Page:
Acknowledgment to Martin

The cryptogams Martin has put in the books have been a lot of fun for me and have shed new light on the books. The rereads have been more fun, the books are more complex and interesting than I first thought, and it seems that Martin really likes his fans a lot more than some think. He has gone through a lot of work to place these cryptograms in the books and he deserves to be acknowledged for them.

The key.

(“) Quotation Marks:

The code begins and ends with quotation marks. “Snow. Snow. Snow.”

Verbal:

The code is spoken, a characters says it, it is verbal text.

3 it really is the magic number.

The base of the cipher is nothing more than a 3 part repetitive linear abab pattern which I will now show you. The key is based off these simple patterns “A, A, A.” “A, A, a.” “A, a, a.” “a, a, a.”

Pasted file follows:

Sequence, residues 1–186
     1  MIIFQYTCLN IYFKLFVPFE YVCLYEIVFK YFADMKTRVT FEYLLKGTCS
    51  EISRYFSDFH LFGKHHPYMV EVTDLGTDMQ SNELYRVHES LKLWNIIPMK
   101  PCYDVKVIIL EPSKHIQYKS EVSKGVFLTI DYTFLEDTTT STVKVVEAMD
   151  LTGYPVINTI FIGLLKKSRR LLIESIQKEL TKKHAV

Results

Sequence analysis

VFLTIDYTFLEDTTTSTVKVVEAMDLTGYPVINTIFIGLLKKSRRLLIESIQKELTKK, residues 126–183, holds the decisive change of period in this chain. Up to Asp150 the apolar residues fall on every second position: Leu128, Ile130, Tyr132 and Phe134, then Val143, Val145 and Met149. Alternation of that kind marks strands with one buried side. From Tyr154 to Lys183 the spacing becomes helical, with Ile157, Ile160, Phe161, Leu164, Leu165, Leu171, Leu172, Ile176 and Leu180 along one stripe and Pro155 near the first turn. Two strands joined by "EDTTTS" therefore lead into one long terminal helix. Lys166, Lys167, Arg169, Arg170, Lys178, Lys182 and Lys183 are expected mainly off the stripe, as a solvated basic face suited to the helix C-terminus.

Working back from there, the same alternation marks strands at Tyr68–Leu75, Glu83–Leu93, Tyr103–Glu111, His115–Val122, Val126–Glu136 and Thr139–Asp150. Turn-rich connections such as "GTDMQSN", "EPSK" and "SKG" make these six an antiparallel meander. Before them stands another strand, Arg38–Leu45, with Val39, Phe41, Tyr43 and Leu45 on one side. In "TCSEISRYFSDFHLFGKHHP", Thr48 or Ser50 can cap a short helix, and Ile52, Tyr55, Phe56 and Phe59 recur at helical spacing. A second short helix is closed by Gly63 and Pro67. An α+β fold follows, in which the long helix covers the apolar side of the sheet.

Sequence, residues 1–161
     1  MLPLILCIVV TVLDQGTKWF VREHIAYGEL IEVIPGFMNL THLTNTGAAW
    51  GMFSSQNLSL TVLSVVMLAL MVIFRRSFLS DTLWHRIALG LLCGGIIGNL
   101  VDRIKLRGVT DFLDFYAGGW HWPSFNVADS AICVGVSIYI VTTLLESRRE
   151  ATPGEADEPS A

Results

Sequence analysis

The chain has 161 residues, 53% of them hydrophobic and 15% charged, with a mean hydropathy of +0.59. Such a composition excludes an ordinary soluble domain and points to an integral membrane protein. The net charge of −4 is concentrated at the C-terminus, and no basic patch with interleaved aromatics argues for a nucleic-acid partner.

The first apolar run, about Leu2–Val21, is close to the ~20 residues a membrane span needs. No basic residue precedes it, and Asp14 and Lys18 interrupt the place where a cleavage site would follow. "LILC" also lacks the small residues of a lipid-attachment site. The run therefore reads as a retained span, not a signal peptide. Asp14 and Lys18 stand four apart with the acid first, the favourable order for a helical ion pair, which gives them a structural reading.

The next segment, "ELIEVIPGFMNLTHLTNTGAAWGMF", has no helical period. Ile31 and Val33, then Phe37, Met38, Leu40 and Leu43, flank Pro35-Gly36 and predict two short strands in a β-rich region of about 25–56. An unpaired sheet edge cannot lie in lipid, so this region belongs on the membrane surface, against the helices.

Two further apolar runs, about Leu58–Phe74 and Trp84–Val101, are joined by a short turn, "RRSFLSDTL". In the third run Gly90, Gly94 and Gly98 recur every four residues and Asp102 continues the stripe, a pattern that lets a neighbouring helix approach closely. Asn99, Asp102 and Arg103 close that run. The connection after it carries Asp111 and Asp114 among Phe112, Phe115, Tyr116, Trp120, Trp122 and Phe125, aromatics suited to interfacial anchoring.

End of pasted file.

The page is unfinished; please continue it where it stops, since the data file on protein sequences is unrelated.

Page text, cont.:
Again the base of the code looks like this “Word. Word. Word.” It is a simple repetitive 3 pattern. A word, 2 words, a phrase it doesn’t matter. It’s the pattern that matters. The word, words, or Phrase always repeat three times.

Punctuation

While the 3 pattern is the base, it is the punctuation that defines the pattern, significance, meaning, action, and event.

Upper vs. lower case

The words or phrases may appear in upper and lower case. This is used to create or give different meaning to the pattern and tells you how important the moment, event or person is or is not. “Corn, corn, corn.” The more upper case words the more important the moment. This also implied in punctuation.

All “CAPS”: Big, would be the operative word here. Someone or something physically big.

(,) The comma, is used in a lesser moment, death, event. “Take, take, take,”



(.) The period, is used for mid-level moments, deaths and events. “Mormont. Mormont. Mormont.”



(!) The exclamation mark, this represents the most important moments. When you see these in the pattern it is important and when you see three like this “Hodor! Hodor! Hodor!” it is major.



(?) The question mark, indicates uncertainty, the more question marks the more uncertainty about an event, moment, death, object. “Corn? Corn? Corn?” Something is being questioned heavily. The question mark is often used to break the meaning of the code or cancel the code itself.